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15 Signs That You Genuinely Love What You’re Doing

15 Signs That You Genuinely Love What You’re Doing
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You either like your job, or you hate it – right? It’s not really that simple, because you need to genuinely love what you’re doing! Loving your job means you feel like your life has a greater purpose, and you’re not working just for the paycheck – you want to make a difference in the world. Check out these signs and see if you should stay with your current job, or search for something that will be more fulfilling for your life.

1. You don’t struggle to stay focused on the task at hand.

If your mind wanders while you’re at work, you often have to shake yourself out of the daydream and stay disciplined so you don’t forget the task at hand. When you genuinely love your job, this isn’t a problem. In fact, it’s the opposite – you don’t struggle to stay on task, you struggle to decide which task to tackle first! You come in every day, look at your To Do list, and prioritize all the things you have to do, because otherwise you’d jump from task to task trying to eagerly tackle them all at once!

2. You talk about the good things other people do, instead of talking about other people.

Work gossip can be a fun way to pass the time, but it can also turn vicious quickly, and rumors can start to spread, whether or not they are true. Instead of talking about coworkers behind their backs, if you genuinely love what you do, you’re more likely to talk about the good things others are doing. You’re not jealous that a coworker got a promotion and you don’t start spreading rumors about how he got it. Instead, you’re genuinely proud of him for working hard and getting what he deserves. It’s not hard to stop listening to gossip and start spreading praise and good deeds around the office.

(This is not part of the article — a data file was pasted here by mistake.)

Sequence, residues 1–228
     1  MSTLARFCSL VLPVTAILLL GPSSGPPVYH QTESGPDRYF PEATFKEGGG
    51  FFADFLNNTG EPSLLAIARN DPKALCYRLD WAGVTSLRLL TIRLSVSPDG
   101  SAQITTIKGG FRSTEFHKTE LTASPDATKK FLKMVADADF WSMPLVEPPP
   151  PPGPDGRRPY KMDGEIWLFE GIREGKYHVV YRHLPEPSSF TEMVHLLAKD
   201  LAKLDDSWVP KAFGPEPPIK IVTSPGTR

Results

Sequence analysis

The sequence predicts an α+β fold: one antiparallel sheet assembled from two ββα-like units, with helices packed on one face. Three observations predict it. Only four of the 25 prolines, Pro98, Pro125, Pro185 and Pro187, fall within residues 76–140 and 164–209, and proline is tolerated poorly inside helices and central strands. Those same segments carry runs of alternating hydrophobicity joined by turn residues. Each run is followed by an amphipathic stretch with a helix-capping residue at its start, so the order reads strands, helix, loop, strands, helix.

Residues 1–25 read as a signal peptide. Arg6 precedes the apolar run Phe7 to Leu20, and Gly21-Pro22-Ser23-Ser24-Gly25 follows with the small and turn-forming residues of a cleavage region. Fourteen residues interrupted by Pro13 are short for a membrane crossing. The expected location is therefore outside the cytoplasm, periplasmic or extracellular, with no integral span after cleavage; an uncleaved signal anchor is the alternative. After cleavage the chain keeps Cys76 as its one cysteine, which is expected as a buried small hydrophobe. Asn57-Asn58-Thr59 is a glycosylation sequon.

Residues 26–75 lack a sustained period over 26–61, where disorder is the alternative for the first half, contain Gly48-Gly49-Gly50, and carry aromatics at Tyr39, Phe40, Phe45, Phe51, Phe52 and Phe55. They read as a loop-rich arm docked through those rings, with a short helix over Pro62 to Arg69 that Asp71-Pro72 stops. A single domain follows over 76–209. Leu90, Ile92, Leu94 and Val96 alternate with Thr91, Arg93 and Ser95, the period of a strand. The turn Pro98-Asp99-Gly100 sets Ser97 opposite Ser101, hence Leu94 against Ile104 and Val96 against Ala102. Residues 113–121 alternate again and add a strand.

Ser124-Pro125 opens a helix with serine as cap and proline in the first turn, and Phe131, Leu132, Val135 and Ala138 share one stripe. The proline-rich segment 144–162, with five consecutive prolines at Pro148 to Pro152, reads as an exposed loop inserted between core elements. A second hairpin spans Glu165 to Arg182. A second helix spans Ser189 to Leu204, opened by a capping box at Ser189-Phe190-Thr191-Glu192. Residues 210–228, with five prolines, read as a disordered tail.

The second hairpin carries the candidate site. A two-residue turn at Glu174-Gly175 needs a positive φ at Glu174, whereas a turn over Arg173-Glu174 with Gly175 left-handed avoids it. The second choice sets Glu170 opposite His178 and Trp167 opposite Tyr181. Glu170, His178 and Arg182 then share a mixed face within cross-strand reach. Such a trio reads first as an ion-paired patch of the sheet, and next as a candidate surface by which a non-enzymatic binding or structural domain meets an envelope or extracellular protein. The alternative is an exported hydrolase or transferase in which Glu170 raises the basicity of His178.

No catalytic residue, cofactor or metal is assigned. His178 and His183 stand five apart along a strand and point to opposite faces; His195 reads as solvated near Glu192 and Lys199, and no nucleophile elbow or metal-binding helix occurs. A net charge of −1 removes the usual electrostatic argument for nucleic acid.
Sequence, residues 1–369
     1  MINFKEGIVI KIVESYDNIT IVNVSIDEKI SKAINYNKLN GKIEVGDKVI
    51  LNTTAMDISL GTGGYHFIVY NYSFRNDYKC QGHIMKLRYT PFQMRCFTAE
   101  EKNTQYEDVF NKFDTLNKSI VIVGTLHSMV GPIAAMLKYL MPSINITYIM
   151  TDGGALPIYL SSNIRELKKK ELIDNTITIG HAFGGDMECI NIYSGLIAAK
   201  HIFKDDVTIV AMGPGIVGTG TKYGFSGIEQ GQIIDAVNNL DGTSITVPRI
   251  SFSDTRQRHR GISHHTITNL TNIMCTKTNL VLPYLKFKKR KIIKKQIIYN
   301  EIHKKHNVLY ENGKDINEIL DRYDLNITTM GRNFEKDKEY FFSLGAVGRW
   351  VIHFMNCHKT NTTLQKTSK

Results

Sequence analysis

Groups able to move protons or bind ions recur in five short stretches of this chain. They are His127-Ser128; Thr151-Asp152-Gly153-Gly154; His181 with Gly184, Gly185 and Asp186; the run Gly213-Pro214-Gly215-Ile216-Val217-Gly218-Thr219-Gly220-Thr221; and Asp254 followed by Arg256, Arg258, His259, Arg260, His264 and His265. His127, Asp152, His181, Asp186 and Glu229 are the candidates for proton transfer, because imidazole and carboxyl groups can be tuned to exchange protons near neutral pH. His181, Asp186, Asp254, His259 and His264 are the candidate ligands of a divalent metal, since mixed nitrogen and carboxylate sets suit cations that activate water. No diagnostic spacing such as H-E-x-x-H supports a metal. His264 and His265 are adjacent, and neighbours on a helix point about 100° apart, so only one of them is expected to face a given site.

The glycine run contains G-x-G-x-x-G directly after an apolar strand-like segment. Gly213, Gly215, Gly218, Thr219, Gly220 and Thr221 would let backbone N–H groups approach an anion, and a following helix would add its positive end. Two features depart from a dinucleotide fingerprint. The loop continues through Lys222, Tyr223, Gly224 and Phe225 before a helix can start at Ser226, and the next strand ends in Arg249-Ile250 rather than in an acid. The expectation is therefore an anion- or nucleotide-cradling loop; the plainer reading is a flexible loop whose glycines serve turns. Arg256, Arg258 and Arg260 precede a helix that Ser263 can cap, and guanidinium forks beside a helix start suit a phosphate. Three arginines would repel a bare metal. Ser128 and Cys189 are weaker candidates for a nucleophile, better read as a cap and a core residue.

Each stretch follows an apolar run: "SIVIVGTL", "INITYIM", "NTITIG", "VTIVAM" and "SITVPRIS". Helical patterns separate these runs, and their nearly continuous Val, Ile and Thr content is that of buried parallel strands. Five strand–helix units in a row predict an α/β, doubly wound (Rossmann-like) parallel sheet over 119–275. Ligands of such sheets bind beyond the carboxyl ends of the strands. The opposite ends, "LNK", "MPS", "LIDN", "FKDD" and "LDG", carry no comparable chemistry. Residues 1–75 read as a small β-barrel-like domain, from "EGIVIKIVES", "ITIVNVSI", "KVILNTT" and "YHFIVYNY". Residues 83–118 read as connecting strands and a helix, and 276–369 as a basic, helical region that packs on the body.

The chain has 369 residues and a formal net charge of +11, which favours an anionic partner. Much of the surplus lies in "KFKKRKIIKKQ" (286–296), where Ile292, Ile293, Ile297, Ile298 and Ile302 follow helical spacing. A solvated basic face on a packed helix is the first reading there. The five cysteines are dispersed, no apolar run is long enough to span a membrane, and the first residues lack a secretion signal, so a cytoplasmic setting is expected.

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3. You enjoy your time at work.

Sure, if we had a choice sometimes we’d all rather be someplace else than sitting at our desk: at home, on the beach, climbing a mountain. But if you really love what you’re doing, you’re glad you’re at work when you have to be. You don’t spend time hating your surroundings and wishing you were elsewhere – you know you’re at work because you have tasks to do, and you gladly do them.

4. You think about winning instead of surviving.

I know I’ve had days where I think “If I can just make it through this day and go home…” But the better way to phrase that thought is to think “I need to win today.” Feeling like you have to survive through something automatically puts a pessimistic spin on it. It’s better to think that you can win the day — that you can conquer all your obstacles and come out on top.

5. You’re excited about what you’re doing.

If you love what you’re doing, you’re excited about it! You know you’re doing good and making a difference, and you get excited to go in to work and spend your time doing your job. You love telling others all about what you do, and you like getting them just as passionate about it. True excitement is infectious, so if you feel this way about your job, everyone is going to know it!

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6. You hardly ever watch the clock.

There are days when you start watching the clock at 4:00pm, and every minute ticks by so slowly it feels like five. Then there are days when you lose track of time, and they’re turning off the lights while you’re still working! Which days go faster? Which make you feel better? The ones where you lose track of time, right? Right! Because you’re so swept up in what you’re doing that you forget everything around you. Now that’s loving what you do!

7. You view success in terms of fulfillment and gratification.

If you’re happy with your job, you don’t see success as how much you’re making or how many promotions you’ve racked up. You see success as how fulfilled you are with your job, how it makes you feel to be doing something you love, something that will make a difference. You love your job even if it doesn’t pay much, because you want to be doing something that makes you happy as opposed to something that makes you rich.

8. You help others without thinking.

Instead of sabotaging others to try and get ahead and make yourself look better, when you love your job, you just want to do good things. You help others because you’re all working towards the same goal. You feel confident with your position at work because you know you’re good and love what you do, so you don’t feel threatened by helping others, even if you get little or no credit in return.

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9. You have friends at work.